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THU0505 The Immune Response to Hepatitis a Vaccine in Children with Autoinflammatory Disorders
  1. D. Maritsi1,
  2. G. Vartzelis1,
  3. Z. Metaxa1,
  4. O. Vougiouka1,
  5. N. Spyridis1,
  6. S. Diamantopoulos2
  1. 1Second Department of Paediatrics, Medical Faculty, University of Athens, Greece, Athens
  2. 2Department of Paediatrics, Medical Faculty, University of Thessaly, Larissa, Greece


Background Hepatitis A is an indolent disease with a varying clinical spectrum and consequences. Little is known about the immune response to hepatitis A virus (HAV) vaccination, in children auto-inflammatory disorders including SoJIA.

Objectives To assess the sero-protective efficacy and safety of immunization against hepatitis A in patients with auto-inflammatory disorders on treatment, not previously exposed to HAV, and compare this to healthy controls.

Methods Matched case control study including patients with FMF, HIDS, FCAS and SoJIA and controls. All subjects received two doses of the inactivated anti-HAV vaccine at 0 and 6 months. Seroconversion and seroportection rates and anti-HAV IgG antibodies were assessed at enrollment, one month after the first dose and at one and 12 months after the last dose. Exclusion criteria were infection or disease flare concomitant or up to four weeks prior to immunization, recent steroid use (dose>0.5mg/kg/day), known liver disease or immunodeficiency, and serum testing positive for HAV infection. Clinical and demographic data as well as medications used were collected for each patient. Onset of typical disease symptoms within two weeks from immunization was considered as a flare.

Results Twenty-eight patients with a mean age of 5.3 years completed the study; 13 (46%) had SoJIA, 13 (46%) had FMF, one had HIDS and one had FCAS. Thirteen (46%) patients received colchicine, 12 (42%) received methotrexate and 10 (35.7%) received steroids while 7 (25%) were on biologics. The control group consisted of 76 healthy individuals (mean age 4.75 years). At four weeks after primary vaccination, 75% of patients and 77.6% (p=0.4) of the controls attained seroprotection. Ninety-two percent and 100% of the patients while 96.1% and 96.1% (P=0.3) of the controls maintained their antibody status four weeks and 52 weeks after the second dose respectively. Seroconversion rates were 90.8%,98.7% and 98% for the patient group and 92.8%,100%, 100% for the controls at 4 weeks after the first dose, and four and 52 weeks after the second dose.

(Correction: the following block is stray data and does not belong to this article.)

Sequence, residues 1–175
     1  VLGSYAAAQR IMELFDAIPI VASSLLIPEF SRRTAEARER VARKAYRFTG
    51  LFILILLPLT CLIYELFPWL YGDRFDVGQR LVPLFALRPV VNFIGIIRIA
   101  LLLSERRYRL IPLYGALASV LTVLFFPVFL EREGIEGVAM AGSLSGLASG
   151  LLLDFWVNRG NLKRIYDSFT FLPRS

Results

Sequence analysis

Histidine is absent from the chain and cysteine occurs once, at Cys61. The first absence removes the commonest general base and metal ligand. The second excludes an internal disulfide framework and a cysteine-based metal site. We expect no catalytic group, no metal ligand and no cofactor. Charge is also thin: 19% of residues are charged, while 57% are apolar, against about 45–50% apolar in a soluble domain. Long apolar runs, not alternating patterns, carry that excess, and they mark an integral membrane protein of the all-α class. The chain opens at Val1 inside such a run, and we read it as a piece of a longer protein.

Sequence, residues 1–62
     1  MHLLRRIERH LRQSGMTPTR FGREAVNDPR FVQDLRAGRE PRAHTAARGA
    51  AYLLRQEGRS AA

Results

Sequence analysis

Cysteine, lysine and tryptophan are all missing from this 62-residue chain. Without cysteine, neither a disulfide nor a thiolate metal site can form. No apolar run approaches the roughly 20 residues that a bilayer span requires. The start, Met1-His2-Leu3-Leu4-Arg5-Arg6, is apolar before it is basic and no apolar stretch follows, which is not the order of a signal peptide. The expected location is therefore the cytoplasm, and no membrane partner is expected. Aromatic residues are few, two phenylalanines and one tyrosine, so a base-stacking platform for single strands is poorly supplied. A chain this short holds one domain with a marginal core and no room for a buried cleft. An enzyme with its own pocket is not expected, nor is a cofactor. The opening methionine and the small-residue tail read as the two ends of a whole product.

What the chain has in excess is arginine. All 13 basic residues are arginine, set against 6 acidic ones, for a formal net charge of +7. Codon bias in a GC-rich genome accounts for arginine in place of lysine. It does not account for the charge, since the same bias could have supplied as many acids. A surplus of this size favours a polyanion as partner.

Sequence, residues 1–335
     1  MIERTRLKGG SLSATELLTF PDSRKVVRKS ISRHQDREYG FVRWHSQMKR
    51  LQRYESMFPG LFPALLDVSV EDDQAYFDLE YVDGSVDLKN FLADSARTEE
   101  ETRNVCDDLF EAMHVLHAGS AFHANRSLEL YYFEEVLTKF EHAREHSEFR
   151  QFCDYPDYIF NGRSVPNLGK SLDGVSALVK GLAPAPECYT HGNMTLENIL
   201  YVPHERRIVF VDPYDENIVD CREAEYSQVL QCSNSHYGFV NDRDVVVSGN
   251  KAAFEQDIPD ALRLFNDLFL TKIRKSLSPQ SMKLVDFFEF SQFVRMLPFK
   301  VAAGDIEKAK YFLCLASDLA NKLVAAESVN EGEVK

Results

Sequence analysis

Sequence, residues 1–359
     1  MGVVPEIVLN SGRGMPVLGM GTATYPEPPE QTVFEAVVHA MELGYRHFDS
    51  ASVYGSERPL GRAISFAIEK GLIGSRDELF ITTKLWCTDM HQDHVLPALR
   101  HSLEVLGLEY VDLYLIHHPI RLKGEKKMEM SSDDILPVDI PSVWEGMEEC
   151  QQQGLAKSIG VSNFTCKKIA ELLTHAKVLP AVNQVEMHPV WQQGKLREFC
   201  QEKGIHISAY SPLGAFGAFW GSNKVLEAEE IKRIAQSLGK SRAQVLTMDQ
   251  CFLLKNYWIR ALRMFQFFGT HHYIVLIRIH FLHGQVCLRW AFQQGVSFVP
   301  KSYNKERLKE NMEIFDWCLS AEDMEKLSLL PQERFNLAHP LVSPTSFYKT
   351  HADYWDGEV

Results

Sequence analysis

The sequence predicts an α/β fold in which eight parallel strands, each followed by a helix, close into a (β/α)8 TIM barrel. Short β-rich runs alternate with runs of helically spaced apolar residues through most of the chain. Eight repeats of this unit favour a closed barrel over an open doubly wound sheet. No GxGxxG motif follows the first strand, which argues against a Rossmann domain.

Mean IgG concentration at 4 weeks was 52.7mIU/ml in the patient and 96.2mIU/ml in the control group (t-test, p=0.003) while it reached 131mIU/ml and 218mIU/ml after the second dose respectively (p=0.001). At 18 months mean IgG concentration was 164 mIU/ml in the patient group and 245 mIU/ml in the control group (p=0.002). Subgroup analysis showed that only 72% patients on DMARDS (MTX=/-biologics) achieved seroprotection after the initial vaccine dose, compared to 92.4% of patients on colchicine, however numbers were small to reach statistical significance.Patients with FMF mounted a better immune response compared to SoJIA patients at all time points [74.5IU/ml vs 36.5IU/ml (p=0.046), 172IU/ml vs 99IU/ml (p=0.015), 210IU/ml vs 129 IU/ml (p=0.015) Kolmogorov-Smirnof test]. Three patients developed a flare (1 HIDS and 2 FMF). Vaccines were well tolerated in the other patients. Mild adverse events were noticed in 6/28 (21.4%) patients and 15/76 (19.7%) controls.

Conclusions Two doses of HAV vaccine are safe and effective in the majority of children with autoinflammatory disorders. Systemic illness should not preclude from completion of the vaccination schedule in cases where immunization against Hepatitis A is mandatory. However, based on our small cohort, there seems to be a significant possibility of flare.

Disclosure of Interest None declared

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